Are we losing control of Iraq?
see "Gunmen Target Shiite Muslims, Kill 22, Injure Hundreds" (LA Times, 8/20/06)
Count me among the growing camp that sees Iraq sliding off the edge into civil war or some other condition in which it will not make sense to keep American troops.
When the Shi'ite pilgrimage is targeted by snipers, "killing at least 22 and leaving hundreds injured", and that is called "an extraordinary success", one wonders what failure might look like.
I guess it looks like last year's event where 1,000 people died in a Who concert-style stampede following rumors of a suicide bomber.
Ken Mehlman, the chairman of the Republican Party, spoke last week about the choice not being between "stay the course" and "cut and run" but between "adapt to succeed" and "cut and run". The problem is that "adapt to succeed" probably requires sending an additional 100,000 troops to Iraq, something we probably couldn't do even if the country had the political will to do so. Given that Mehlman is likely right that "stay the course" is not a real option, it is becoming more and more likely that we will find a way to leave it to the Iraqis.
Of course the Iraqis are incapable of taking care of their country. Iraq is barely a real country anyway. Splitting it into three separate countries, i.e. primarily Sunni, Shi'ite, and Kurdish, would seem to have long run possibilities, there will be a serious economic problem because the Sunnis have no oil or other significant revenue source.
This has been a factor throughout, with the Sunnis using the insurgency to try to put political pressure on the rest of the country. And even though it was probably the Sunnis who gave up Zarqawi, the insurgency is like a patient who was taken off the ventilator and somehow starts breathing on his own.
Another increasingly destabilizing force is Muqtada al-Sadr and his Mahdi Army, a violent Shi'ite militia based in the slums around Baghdad. I can imagine al-Sadr lying awake at night wondering how he can become Iraq's version of Hassan Nasrallah, the leader of Hezbollah.
Nasrallah has just stuck his thumb in the eye of the Middle East's best military. Despite George Bush's statements, the recent short war was a clear victory for Hezbollah and Iran. It demonstrated Iran's ability to fund and supply a proxy militia within a sovereign state and win. Anyone who thinks Sadr doesn't want the same job in Iraq is fooling himself. And anyone who thinks Iran wouldn't love just that situation is also setting himself up for serious disappointment...or death.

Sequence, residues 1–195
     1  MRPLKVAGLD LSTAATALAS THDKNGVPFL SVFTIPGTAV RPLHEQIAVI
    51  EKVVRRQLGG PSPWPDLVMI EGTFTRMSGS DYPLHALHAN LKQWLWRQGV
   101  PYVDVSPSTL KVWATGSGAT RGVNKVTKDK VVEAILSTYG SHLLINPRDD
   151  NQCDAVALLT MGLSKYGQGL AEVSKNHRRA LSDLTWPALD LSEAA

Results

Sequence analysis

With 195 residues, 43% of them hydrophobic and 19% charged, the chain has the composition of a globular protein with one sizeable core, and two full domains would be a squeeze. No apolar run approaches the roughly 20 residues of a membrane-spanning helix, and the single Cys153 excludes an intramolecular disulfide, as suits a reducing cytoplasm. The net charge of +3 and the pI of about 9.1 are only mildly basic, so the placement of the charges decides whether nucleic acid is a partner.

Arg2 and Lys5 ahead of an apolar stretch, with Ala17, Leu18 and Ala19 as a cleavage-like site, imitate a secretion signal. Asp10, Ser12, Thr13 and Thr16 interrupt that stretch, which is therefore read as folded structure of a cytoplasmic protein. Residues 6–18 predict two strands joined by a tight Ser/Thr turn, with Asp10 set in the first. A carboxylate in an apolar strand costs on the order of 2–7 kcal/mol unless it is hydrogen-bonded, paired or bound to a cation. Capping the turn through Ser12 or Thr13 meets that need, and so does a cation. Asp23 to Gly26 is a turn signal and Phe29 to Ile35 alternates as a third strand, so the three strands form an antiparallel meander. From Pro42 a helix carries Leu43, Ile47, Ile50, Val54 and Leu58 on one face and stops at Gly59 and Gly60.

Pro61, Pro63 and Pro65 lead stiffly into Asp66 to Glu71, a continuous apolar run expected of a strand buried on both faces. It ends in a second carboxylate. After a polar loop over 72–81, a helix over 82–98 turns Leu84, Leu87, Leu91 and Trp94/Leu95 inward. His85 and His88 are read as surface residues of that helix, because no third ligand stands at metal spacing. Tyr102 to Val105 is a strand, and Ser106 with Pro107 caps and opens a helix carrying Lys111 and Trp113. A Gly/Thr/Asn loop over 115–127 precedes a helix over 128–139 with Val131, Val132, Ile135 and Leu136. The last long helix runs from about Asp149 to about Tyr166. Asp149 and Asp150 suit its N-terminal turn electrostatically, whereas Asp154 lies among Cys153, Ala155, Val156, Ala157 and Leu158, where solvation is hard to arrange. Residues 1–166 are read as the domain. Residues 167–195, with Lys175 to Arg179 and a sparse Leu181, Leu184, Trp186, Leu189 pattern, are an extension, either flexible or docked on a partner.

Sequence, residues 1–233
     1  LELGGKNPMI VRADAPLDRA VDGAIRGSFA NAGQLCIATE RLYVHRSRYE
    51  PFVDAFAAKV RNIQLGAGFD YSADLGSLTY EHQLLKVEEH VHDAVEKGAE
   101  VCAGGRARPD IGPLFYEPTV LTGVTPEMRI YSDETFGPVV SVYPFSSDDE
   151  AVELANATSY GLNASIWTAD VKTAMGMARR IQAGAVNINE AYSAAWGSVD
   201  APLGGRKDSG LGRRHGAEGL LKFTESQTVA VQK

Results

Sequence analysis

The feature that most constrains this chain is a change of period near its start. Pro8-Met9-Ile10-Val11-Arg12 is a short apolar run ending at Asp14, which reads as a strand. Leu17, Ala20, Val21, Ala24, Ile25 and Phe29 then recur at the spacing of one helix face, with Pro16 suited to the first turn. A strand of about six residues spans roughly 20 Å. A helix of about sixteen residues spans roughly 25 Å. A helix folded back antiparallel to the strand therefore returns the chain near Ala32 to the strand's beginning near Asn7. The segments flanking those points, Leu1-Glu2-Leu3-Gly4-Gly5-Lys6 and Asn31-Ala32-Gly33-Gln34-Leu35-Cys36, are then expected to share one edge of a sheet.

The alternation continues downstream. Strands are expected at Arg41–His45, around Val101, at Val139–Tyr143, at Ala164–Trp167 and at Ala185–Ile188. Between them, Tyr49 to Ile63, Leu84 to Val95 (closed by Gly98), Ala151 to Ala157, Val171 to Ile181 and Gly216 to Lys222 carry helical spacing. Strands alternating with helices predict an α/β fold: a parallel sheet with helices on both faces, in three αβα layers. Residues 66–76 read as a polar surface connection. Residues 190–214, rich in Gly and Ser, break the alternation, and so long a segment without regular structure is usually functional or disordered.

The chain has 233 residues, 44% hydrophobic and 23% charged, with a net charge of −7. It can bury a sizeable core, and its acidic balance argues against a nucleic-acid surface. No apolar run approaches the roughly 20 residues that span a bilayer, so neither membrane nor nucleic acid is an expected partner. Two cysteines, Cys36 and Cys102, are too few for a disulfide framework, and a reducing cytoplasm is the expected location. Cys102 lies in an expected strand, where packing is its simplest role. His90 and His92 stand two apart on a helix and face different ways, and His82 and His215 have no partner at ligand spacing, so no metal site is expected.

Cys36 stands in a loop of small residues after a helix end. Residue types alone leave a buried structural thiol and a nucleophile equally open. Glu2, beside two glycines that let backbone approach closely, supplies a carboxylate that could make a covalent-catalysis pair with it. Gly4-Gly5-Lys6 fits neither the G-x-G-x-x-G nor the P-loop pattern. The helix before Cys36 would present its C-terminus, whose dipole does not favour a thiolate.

Combining all these intensifying destabilizing forces, the resurgent insurgency, the emboldened Shi'ites, the under-trained army and the traitorous police (massively infiltrated by militias), it is hard to see how we will be able to get a handle on the situation.
Americans, including Republicans, will lose faith in this effort with increasing speed and GOP politicians will start campaigning on how they will change our plan for Iraq.
While the wacky left's anti-war position a year ago was based on nothing but personal hatred for President Bush and a general opposition to any war in which we have a security interest, things are different today. Iraq is not Vietnam, but it could become that in terms of domestic political effect. Republicans are going to have a very difficult time going into the November election. They will have to start campaigning against the war and President Bush, but have to do it without looking like Democrats. In an environment this bad for Republicans, it's critical that the GOP maintain its ability to show a clear difference between themselves and Democrats. That makes it all the more important that Republicans get back to believing in fiscal responsibility...but I don't have great faith that they will.
In the meantime, I am more pessimistic about Iraq than ever. It is turning into a frightening large parallel to the Israel-Hezbollah conflict in which the low-tech islamofascists wait out the high-tech military of a modern democracy, beating down the democratic population through slow but steady attacks on soldiers, civilians, towns, and anything else they can reach.
While I don't believe in 20/20 hindsight, and I still believe that the war in Iraq was initially necessary, it is becoming more and more clear that our current strategy is failing, that we do not have the troops to implement a massive force solution, and that we are spending a tremendous amount of money (which could be spent to modernize our military against the rising threats of China, Iran, and North Korea.) With every passing day, the idea of pulling out of Iraq, or at least most of it, and just letting them kill each other, is becoming more appealing. Maybe we should guard the oil infrastructure and otherwise get out of the way. At some point, protecting one insane Muslim from another is not worth risking an American life.
If we do back off from Iraq, we must make it very clear to that entire region that any place we see as a threat to us or Israel will be treated exceptionally harshly. If we have to turn part of the Middle East into glass, so be it.
|Print article||This entry was posted by Rossputin on 08/22/06 at 03:38:01 am . Follow any responses to this post through RSS 2.0.|